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11 facts about food wastage
11 facts about food wastage

1m read

11 facts about food wastage


Food waste is everyone’s problem.

From production lines to our fridges, to the bottom of our trash bins. The wastage of food is leading to a drainage of resources, money, and even clean air.

That’s why we’ve created the Respect Food campaign. We want to inspire and encourage people to reduce their food waste and save both their money and the environment. We believe that every small amount of food saved adds up, and it can help hugely in slowing down climate change and keeping ecosystems in balance.

These 11 facts will lift the lid on food waste. Use our calculator to see how you can make a difference economically and environmentally by taking them into account.

1. 1.3billion tons of food is wasted each year.

2. Wasted food amounts to over $1trillion of loss and wastage annually.

3. If all the food wasted was made into a country, it would be the third largest carbon dioxide producer in the world, surpassing the carbon dioxide produced by countries such as India and Russia. A total of 3.3billion tons of carbon dioxide is produced by food waste.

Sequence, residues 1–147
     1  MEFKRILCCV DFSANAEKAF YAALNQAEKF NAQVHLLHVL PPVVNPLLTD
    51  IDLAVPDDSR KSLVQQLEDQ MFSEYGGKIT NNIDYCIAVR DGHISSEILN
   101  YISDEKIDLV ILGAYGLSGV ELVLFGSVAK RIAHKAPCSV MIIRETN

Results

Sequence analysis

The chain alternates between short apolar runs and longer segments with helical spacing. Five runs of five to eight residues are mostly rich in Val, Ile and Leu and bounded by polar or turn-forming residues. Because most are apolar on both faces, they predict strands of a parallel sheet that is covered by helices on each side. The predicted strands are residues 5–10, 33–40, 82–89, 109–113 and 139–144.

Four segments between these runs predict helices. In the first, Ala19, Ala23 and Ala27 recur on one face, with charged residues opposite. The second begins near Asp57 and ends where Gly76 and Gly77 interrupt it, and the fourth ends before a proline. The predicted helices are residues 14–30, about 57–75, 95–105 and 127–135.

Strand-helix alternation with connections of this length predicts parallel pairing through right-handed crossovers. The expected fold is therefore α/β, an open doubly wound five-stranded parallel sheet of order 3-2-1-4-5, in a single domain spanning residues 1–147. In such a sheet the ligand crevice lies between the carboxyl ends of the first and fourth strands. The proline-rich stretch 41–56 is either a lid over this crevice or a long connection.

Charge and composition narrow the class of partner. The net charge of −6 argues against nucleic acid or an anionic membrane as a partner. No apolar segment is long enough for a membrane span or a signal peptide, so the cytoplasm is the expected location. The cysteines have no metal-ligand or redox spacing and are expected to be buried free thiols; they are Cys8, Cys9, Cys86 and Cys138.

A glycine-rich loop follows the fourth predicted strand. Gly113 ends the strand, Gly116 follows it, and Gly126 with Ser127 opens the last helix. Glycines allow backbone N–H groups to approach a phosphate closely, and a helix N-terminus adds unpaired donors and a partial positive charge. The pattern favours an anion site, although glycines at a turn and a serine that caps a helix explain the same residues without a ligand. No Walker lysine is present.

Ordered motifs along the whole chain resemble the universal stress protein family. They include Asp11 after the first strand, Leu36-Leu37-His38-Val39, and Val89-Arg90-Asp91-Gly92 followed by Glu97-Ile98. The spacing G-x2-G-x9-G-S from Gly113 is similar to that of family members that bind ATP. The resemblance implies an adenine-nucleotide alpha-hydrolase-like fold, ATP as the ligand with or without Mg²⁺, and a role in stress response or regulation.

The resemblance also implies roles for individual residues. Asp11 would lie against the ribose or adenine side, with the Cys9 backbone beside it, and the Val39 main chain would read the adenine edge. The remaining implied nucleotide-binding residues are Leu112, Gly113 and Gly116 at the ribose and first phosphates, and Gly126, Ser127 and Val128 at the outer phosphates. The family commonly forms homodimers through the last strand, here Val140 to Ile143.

4. The average European and North American wastes more than his or her body weight in food each year, throwing away 100kg of food.

5. ¼ of wasted food could feed all 795million of undernourished people in the world.

6. Half of all produce is thrown away in the US because it is too ‘ugly’ to eat. This amounts to 60million tons of fruit and vegetables. ‘Ugly’ fruit and vegetables make up a third of all wasted food.

7. Fruit and vegetables are the most wasted food group, followed by meat and dairy.

8. Promotions in supermarkets can lead to more food waste. When we think we are getting more for our money, we buy more which we won’t necessarily use.

9. Only 37% of people know the difference between ‘use by’ and ‘best before’ dates. Foods with ‘use by’ dates are highly perishable and must be eaten before the date written. Foods with ‘best before’ dates can be eaten after the date on the packaging, although it won’t be at its best quality.

10. Food waste in developing countries usually happens because of a lack of infrastructure, early on in the supply chain. Food waste in developed countries, however, happens later on in the chain, by consumers through household waste.

11. Rising awareness has meant that the rate of food waste has fallen. Between 2007 and 2012, household food waste was reduced by 15%.

So let’s carry on this change and reduce food waste even more. Save your money and save the planet by taking the steps to Respect Food. For more information on this topic read this article.